Bringing The Spirit of the Me Too Movement to Trans-Pacific Businesses

by Peter Pang on May. 25, 2021

Employment Sexual Harassment International Employment  Employment Discrimination 

Summary: As more women achieve positions of leadership and equal decision making in every level of society, they are bringing meaningful benefits to businesses, governments, and communities. But the movement for gender equity in the West, as seen most significantly in the #MeToo movement, offers helpful insight into how international businesses can move forward on this front. By integrating these new gender norms into their company cultures, trans-Pacific businesses and businesses with operations in China can both improve operations and reduce legal risk. Rethinking corporate policies and integrating a corporate culture that prioritizes gender equality in corporate practices will help mitigate risk in the workplace for women. These protections include implementing policies against hostile work environments, non-discriminatory pay structures, and an ongoing effort toward stronger scrutiny of improper behavior in the workplace. The list will continue to expand. Also, China's Sexual Harassment Law will help guide companies to implement policies that condone bad behavior towards women. A healthier workplace for employees will build trust amongst workers and give a company a good reputation for being a safe place to work for women.

Women are rising up around the world, claiming a greater role in political and economic leadership. It’s happening everywhere and in the face of differing cultural values, history, and context that otherwise may have allowed for subjugation or discrimination. As difficult as this adjustment may be in the short-term, as women achieve positions of leadership and equal decision making in every level of society, they are bringing meaningful benefits to businesses, governments, and communities.

Of course, no single culture can lay claim to originating the ideals of gender equality. But the movement for gender equity in the West, as seen most significantly in the Me Too movement, offers helpful insight into how international businesses can move forward on this front. By integrating these new gender norms into their company cultures, trans-Pacific businesses and businesses with operations in China can both improve operations and reduce legal risk.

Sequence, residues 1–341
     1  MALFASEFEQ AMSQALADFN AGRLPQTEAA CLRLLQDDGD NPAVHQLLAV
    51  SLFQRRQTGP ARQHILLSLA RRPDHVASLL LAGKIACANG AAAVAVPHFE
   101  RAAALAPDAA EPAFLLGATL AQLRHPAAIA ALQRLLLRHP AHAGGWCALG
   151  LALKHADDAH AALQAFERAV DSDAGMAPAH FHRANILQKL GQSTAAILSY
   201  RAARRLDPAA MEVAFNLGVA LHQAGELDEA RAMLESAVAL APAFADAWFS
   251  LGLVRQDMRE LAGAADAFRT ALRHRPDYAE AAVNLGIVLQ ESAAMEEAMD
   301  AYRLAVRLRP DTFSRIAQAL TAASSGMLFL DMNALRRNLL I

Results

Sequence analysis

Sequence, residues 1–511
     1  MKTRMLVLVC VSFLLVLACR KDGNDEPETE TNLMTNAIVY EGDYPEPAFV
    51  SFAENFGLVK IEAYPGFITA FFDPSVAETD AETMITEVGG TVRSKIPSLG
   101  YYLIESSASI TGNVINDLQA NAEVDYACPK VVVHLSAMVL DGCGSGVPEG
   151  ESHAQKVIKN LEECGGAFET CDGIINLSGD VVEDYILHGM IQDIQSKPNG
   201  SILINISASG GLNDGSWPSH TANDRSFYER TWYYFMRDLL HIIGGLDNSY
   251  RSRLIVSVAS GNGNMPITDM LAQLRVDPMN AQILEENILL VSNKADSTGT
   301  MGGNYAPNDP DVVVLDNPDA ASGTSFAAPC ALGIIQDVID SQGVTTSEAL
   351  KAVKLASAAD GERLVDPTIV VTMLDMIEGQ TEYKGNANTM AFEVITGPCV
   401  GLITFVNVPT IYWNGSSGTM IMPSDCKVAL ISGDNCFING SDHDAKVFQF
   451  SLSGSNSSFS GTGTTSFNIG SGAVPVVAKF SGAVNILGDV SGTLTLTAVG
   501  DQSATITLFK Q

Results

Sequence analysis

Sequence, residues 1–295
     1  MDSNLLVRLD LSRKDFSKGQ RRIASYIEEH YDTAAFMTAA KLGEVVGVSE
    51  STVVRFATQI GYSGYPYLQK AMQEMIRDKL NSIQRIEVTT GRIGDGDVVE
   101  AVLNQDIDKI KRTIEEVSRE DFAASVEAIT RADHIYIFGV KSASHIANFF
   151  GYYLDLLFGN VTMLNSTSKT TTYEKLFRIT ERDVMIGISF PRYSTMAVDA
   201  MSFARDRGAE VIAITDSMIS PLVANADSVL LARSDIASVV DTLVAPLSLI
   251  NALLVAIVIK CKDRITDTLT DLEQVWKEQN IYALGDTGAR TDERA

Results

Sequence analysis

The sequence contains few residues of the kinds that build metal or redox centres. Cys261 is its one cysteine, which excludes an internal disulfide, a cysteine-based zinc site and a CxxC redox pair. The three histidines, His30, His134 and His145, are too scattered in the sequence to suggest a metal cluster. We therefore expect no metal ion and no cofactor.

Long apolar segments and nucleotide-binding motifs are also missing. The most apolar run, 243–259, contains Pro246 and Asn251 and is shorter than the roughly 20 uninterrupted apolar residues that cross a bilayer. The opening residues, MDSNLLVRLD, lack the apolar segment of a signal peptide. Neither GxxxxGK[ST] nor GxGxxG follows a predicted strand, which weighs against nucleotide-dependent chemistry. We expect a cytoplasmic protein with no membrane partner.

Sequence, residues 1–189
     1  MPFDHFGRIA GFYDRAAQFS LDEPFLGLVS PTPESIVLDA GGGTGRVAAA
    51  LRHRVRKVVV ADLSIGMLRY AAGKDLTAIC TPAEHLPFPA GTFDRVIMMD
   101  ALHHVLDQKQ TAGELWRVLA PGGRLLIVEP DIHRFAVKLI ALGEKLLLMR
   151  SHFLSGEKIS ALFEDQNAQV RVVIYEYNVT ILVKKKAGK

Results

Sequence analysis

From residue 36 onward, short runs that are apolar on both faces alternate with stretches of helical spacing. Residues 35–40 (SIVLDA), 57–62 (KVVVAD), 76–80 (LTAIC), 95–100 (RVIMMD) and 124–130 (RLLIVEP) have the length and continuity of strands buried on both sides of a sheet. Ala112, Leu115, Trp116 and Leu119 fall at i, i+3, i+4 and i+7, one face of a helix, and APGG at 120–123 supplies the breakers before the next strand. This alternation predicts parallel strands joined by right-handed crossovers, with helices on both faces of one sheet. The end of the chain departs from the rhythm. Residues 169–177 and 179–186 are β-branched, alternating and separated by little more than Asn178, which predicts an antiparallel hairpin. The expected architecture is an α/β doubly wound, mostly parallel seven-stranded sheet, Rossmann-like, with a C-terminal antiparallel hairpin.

Gender Discrimination is a Global Problem

Despite global outcry in the wake of the Me Too movement, sexual harassment continues to be extremely common in both China and the United States. One study found that nearly 80% of Chinese women experienced sexual harassment in their lifetime. As terrible as this may seem, it’s not much better in the West. Another survey of U.S. women found that slightly more than 80% had experienced sexual harassment, including verbal harassment, during their lives.

Sexual harassment and discrimination have devastating impacts on the person who is harassed, both personally and professionally. But the problem is not limited to the impacts on the individual victims of gender bias. The many negative impacts that stem from sexual harassment, discrimination, and gender-biased behavior in the workplace also lead to negative business outcomes company-wide. Gender-based discrimination in the workplace often leads to a hostile work environment that causes otherwise skilled and qualified employees to leave their jobs, get passed over for promotions, and miss work time. Discrimination further erodes opportunity for other employees to develop professionally and succeed on the business’ behalf. These issues ripple across the economy, and an increasing number of jurisdictions are passing laws to prevent the damage that it does.


Savvy Businesses Adopt Progressive Policies for Protecting Women in the Workplace

Ethical considerations aside, there are objective risk-mitigation benefits associated with adopting the most protective policies for women in the workplace even when gender biased behavior is not expressly prohibited within your jurisdiction. Having a workplace culture that fosters or condones sexual harassment can quickly become a major risk. There are both financial and public relations risks that businesses need to consider. For U.S. corporations and trans-Pacific companies headquartered in China, there can be significant public relations damages associated with perceptions and allegations of workplace sexual harassment. In response, consumers may boycott your organization or product and future employees may steer away from working with you. Though corporations can’t be accountable for each individual employees’ actions, they can build an organizational focus that doesn’t tolerate workplace sexual harassment.

Promoting economy-wide opportunity begins by eliminating discrimination and gender-biased behavior in the workplace. Companies that are able to minimize sexual harassment in the workplace can hire and retain a more highly qualified workforce. This leads to the development of a more productive work environment. Furthermore, by developing a reputation for being proactive and supportive of the cause of gender liberation, these companies are better able to attract and sustain a dedicated customer base while also eliminating the negative impacts of gender inequality in the workplace.